“humble before their sacrifice”

Here in France, it’s hard to miss the commencement of the 70th-anniversary commemoration of the D-Day landings, from traffic problems all over Paris to a friend’s mobile uploads of Her Majesty’s arrival at Gare du Nord this afternoon. In the midst of all that, I want to take a quiet, solemn moment to remember the sacrifice made by so many on that day and in the weeks and months that followed to liberate France from Nazi occupation. Much has been written — and much is surely being written even as I type away here — on the significance of the day. Instead of adding to that (or possibly detracting from it), I’ll just share the words and images from my last two efforts to express the complex mix of emotions the day evokes for me. (Click the title links or the photos to access the two articles.) Continue reading “humble before their sacrifice”

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Remem-ber, Remem-ber the 8th of May

Today is one of four French national holidays during the month of May, including May Day (May 1), Ascension (May 9 this year), and Pentecost Monday (May 20 this year). May is, it seems, the most “holidayed” month of the year for the French. Given that it’s usually the most beautiful month of the year in Paris, that’s just fine with me!

If you’ve ever wondered why May 8 is a holiday here, read on

(Originally published May 8, 2012)

je parle américain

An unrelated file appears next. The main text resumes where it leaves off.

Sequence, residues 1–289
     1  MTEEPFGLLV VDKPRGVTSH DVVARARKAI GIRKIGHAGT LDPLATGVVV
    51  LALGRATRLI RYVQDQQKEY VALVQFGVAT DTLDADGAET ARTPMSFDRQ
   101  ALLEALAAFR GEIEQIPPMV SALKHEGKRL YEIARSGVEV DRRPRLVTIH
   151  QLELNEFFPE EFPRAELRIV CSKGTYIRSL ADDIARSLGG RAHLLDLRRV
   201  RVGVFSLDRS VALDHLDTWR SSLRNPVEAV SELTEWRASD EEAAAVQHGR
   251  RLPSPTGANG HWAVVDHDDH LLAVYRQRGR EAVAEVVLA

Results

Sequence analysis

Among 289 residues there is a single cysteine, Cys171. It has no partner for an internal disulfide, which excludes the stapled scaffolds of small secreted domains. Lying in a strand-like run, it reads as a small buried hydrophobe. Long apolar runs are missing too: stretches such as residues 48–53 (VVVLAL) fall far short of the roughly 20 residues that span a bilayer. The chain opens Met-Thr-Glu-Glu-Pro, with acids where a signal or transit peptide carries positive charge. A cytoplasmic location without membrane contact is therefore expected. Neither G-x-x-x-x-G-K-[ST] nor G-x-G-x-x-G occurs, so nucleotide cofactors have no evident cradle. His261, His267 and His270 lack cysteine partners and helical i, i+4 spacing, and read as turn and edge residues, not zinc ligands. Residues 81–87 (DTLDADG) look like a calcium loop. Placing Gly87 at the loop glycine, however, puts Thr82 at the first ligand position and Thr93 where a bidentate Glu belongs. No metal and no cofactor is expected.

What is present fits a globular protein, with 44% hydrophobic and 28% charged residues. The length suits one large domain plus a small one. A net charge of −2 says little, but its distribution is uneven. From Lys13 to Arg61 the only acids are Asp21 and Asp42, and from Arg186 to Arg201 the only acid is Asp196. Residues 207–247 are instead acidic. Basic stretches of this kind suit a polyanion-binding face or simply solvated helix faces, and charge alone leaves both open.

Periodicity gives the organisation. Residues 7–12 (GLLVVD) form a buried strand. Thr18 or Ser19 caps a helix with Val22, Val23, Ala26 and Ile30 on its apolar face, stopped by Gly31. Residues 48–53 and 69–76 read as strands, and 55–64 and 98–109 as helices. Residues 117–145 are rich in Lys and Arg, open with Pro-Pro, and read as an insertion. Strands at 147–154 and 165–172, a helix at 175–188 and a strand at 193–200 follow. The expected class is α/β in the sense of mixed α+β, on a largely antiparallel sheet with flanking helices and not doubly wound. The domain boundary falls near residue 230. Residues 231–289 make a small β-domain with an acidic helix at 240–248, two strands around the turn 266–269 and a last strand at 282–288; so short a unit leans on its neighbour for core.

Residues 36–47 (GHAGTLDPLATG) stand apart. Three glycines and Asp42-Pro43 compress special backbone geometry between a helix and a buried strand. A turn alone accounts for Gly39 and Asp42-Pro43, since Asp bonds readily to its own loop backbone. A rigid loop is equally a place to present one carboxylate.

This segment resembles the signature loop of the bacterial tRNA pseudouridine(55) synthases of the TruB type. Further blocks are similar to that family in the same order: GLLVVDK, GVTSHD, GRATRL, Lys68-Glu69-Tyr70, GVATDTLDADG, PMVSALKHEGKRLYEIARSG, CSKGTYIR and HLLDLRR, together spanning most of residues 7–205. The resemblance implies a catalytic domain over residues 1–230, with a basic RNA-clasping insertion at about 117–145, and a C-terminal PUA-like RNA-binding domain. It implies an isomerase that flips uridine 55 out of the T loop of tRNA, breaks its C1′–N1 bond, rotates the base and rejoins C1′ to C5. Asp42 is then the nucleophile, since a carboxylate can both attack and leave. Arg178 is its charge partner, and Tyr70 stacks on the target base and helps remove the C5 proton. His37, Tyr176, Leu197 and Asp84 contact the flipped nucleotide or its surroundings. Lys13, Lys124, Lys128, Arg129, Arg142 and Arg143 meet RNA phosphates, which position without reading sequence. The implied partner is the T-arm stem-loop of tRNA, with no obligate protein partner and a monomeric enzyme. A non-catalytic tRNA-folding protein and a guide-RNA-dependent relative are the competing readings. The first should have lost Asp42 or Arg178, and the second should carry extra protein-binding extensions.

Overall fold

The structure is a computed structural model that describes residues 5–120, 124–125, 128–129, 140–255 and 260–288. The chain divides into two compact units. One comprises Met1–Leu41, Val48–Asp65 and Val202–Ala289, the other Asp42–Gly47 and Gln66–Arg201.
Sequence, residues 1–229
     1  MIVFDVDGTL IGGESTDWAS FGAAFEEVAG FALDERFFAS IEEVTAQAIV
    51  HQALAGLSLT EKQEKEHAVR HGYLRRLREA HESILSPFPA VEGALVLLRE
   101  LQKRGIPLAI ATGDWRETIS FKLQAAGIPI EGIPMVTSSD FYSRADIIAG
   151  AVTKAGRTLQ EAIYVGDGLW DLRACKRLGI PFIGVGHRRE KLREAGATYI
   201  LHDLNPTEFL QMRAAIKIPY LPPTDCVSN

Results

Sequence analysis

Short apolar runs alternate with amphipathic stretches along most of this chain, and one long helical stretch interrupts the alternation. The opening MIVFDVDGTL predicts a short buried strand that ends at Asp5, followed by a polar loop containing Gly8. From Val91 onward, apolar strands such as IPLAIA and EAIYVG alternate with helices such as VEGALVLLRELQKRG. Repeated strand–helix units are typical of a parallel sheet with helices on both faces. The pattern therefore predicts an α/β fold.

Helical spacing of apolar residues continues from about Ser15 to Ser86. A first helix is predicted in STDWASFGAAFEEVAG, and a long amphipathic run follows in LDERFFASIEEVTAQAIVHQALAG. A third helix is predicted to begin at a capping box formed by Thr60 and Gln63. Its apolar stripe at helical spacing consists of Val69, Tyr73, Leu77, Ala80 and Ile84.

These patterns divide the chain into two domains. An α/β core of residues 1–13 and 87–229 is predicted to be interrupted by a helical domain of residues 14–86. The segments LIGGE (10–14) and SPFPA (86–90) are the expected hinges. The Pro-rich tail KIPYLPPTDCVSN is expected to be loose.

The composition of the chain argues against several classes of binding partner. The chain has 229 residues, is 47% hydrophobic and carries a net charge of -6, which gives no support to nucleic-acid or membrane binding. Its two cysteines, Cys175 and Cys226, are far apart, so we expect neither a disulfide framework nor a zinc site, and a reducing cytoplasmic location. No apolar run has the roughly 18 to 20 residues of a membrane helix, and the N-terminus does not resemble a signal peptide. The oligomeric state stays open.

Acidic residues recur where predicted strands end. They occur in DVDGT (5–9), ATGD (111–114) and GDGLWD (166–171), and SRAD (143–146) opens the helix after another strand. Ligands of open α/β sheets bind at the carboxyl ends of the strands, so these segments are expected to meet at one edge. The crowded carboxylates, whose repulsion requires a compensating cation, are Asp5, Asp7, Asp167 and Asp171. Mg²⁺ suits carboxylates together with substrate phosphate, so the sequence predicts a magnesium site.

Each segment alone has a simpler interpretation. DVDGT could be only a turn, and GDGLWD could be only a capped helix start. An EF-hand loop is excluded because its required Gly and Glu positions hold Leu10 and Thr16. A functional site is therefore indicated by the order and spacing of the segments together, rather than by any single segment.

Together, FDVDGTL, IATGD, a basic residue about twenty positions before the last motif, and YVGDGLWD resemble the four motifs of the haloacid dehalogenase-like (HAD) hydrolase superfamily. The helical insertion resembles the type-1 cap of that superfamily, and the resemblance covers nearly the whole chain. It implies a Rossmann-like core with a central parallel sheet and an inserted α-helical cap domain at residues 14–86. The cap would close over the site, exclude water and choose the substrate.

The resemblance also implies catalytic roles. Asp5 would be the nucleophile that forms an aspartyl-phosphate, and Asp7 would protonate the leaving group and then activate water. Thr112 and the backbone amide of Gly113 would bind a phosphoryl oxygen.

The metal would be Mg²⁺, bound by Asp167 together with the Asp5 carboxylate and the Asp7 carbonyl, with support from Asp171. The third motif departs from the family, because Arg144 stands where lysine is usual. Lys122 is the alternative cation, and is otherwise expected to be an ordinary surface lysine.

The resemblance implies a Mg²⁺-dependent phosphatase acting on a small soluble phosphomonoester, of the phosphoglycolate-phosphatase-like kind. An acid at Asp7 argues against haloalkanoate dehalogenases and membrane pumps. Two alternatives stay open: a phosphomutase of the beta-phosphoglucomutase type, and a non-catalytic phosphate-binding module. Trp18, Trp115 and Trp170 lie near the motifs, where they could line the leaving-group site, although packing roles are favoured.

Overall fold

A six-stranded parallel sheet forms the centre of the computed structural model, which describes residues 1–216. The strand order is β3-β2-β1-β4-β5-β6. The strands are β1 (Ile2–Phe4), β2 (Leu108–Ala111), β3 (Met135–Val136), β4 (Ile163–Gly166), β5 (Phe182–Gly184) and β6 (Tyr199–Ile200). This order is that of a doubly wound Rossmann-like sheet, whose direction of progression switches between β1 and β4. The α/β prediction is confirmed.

May is a month chock full of holidays here in France. Just last week, we celebrated May Day. Since it fell on a Tuesday, lots of French took Monday off as well so they could have a four-day weekend — that’s what the French call faire le pont (“to make the bridge”). This year, May is also the month that brings us such Christian holidays as Ascension on May 17 and Pentecost on May 27. While the latter is no longer a public holiday in France, the former is … but let’s not get into a discussion about laïcité, okay? Instead, I’m writing about today’s holiday:

le 8 mai

A blogger friend of mine noted in a post today that it was “Victory Day” … but no one could tell her exactly which victory it commemorated. Being the history nerd that I am, I passed along the needed…

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Remember, Remember the 8th of May

May is a month chock full of holidays here in France. Just last week, we celebrated May Day. Since it fell on a Tuesday, lots of French took Monday off as well so they could have a four-day weekend — that’s what the French call faire le pont (“to make the bridge”). This year, May is also the month that brings us such Christian holidays as Ascension on May 17 and Pentecost on May 27. While the latter is no longer a public holiday in France, the former is … but let’s not get into a discussion about laïcité, okay? Instead, I’m writing about today’s holiday:

le 8 mai

A blogger friend of mine noted in a post today that it was “Victory Day” … but no one could tell her exactly which victory it commemorated. Being the history nerd that I am, I passed along the needed information. (It also helped that my local Métro station is named for the holiday!) Given that, I figured I might as well write my own little blogpost on the holiday that I just celebrated by doing absolutely nothing special …

Victory in Europe Day” or “V-E Day” is the day that marks the end of World War II in Europe, when the Allies formally accepted Nazi Germany’s act of military surrender. Following the fall of Berlin and Hitler’s suicide on April 30, 1945, control of Germany passed into the hands of Admiral Karl Dönitz, who established a short-lived new German government named after Flensburg, the town on the Danish border where he was holed up at Germany’s naval academy. Allied forces were advancing rapidly on what remained of the German army in northwestern Germany and, on May 4, Dönitz surrendered to British Field Marshal Bernard Montgomery near Hamburg.

Continue reading Remember, Remember the 8th of May